CNA Petitions for Cedars-Sinai Medical Center Nurses To Join Union
The California Nurses Association yesterday filed a petition with the National Labor Relations Board to unionize nurses at Los Angeles' Cedars-Sinai Medical Center, Los Angeles Times reports. If the board certifies the petition, the facility's 1,800 nurses could vote on unionization in 30 days. If the nurses approve joining the union, it would be the "largest organizing victory" for CNA in years, the Times reports. Eva Buenconsejo, a nurse in the hospital's intensive care unit, said her coworkers hope to use the collective bargaining power of unionization to negotiate with the hospital on issues of mandatory overtime, nurse-to-patient ratios, improved retirement benefits and seniority-based raises. Cedars-Sinai Vice President Grace Cheng said, "While we respect the employees' legal right to join a union if they so choose, our preference is to continue to deal directly with our employees," adding that the hospital will "be working to ensure that our staff has the facts they need to make an informed choice" (Ornstein, Los Angeles Times, 9/4).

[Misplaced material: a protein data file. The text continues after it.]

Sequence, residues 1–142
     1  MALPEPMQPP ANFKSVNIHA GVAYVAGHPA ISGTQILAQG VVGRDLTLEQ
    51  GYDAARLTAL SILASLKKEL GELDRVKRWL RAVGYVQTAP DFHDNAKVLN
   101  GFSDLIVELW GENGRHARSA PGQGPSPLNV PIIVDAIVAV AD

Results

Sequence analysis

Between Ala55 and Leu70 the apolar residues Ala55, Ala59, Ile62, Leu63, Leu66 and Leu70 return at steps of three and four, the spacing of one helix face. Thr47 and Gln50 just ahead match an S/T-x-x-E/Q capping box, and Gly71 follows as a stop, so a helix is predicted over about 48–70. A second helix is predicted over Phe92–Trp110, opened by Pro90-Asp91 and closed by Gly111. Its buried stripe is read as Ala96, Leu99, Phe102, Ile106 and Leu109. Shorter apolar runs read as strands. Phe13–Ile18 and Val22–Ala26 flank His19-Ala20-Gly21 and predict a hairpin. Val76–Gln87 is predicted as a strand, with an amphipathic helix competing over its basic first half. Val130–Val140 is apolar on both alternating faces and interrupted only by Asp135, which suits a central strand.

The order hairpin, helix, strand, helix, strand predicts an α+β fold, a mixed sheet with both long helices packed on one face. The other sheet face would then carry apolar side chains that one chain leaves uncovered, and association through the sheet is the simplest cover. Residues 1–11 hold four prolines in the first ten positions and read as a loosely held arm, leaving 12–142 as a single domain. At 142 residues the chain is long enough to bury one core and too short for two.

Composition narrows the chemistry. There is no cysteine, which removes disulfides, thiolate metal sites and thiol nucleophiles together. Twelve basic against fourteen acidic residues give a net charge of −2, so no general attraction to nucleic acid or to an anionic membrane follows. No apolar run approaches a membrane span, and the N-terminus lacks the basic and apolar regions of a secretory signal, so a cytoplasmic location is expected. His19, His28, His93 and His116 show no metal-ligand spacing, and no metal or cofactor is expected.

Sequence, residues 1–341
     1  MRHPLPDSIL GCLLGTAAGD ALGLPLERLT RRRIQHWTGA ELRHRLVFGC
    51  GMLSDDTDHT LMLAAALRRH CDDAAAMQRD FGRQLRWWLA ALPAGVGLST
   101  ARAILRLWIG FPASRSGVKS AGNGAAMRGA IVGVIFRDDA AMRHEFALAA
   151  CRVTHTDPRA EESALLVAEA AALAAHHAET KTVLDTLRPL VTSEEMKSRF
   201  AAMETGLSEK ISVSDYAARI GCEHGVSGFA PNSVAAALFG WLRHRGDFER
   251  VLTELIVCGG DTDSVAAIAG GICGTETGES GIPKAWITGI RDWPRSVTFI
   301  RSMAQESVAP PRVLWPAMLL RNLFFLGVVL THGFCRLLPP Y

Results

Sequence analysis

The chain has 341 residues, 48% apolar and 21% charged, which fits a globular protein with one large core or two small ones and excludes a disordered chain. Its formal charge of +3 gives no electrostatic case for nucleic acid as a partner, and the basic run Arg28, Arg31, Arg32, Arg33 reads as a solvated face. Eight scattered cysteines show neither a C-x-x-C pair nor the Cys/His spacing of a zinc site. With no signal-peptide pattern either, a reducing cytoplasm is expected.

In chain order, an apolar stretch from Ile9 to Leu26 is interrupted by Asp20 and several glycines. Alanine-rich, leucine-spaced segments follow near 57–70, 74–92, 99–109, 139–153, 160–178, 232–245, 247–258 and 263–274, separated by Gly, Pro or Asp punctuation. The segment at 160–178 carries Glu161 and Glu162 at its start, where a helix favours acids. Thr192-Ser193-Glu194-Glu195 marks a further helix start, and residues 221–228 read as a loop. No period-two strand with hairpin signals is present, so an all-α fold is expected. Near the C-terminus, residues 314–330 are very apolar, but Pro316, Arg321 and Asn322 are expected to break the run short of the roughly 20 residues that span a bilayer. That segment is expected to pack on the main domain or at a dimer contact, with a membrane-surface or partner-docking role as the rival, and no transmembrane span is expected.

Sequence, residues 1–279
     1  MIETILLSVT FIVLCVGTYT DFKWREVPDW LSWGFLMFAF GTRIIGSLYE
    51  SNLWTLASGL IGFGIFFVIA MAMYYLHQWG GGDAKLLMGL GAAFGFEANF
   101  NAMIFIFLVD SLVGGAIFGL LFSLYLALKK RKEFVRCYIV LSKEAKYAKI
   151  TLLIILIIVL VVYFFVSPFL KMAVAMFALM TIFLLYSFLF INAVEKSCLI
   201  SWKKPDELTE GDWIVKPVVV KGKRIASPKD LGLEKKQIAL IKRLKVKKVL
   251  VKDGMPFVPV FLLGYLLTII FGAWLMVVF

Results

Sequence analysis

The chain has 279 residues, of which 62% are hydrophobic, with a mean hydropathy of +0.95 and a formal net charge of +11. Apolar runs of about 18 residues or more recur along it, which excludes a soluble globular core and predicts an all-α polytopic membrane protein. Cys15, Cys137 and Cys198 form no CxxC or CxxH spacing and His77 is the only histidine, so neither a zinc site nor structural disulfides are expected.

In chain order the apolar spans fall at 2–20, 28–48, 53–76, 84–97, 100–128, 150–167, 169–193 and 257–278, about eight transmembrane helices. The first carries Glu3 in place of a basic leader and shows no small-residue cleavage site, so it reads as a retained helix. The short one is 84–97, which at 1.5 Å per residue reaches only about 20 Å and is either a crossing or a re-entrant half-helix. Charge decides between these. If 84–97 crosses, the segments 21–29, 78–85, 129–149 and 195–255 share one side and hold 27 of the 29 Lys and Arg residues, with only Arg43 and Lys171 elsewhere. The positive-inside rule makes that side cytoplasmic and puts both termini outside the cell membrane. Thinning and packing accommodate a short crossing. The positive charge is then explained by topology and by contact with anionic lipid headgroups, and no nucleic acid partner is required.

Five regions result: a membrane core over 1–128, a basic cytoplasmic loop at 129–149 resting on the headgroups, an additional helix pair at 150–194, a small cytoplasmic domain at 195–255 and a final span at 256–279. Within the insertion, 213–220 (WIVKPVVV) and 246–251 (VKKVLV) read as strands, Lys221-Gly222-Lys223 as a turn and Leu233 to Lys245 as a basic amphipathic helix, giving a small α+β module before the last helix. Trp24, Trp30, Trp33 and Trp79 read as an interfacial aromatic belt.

The Contra Costa Times reports that the California Nurses Association has become a "powerful force" in negotiations with hospitals and lawmakers as a result of a statewide nursing shortage, the "willingness of nurses to engage to organize and fight" hospital officials and the union's "savviness" in public education campaigns. Over the past two years, CNA has negotiated the "best wages and benefits for its members in history," the Times reports. Several recent contracts, for example, included salary increases of about 20% over three years and bans on mandatory overtime. In addition, the Legislature in 1999 passed a bill to establish mandatory minimum nurse-to-patient ratios, which CNA and other unions had sought for about 10 years. The membership of CNA has doubled over the past decade, and the nursing shortage has made hospitals "less likely to let negotiations break down." In addition, CNA has used "aggressive tactics" in negotiations with hospitals, such as "alerting the press on the substance and progress" of the negotiations and "holding out on the prospect of a strike if necessary." According to some critics, however, the union's "tendency toward inflammatory rhetoric and its belligerent attitude toward hospital management are not helpful for a financially stressed industry." In addition, some hospital officials said that the improved contracts negotiated by CNA resulted from "market forces, rather than the union's power" (Silber, Contra Costa Times, 9/2). Jan Emerson, a spokesperson for the California Healthcare Association, said, "I think that regardless of CNA's tactics, in the market environment of supply and demand, nursing salaries and benefits would absolutely be going up with or without the CNA" (AP/Modesto Bee, 9/2).This is part of the California Healthline Daily Edition, a summary of health policy coverage from major news organizations. Sign up for an email subscription.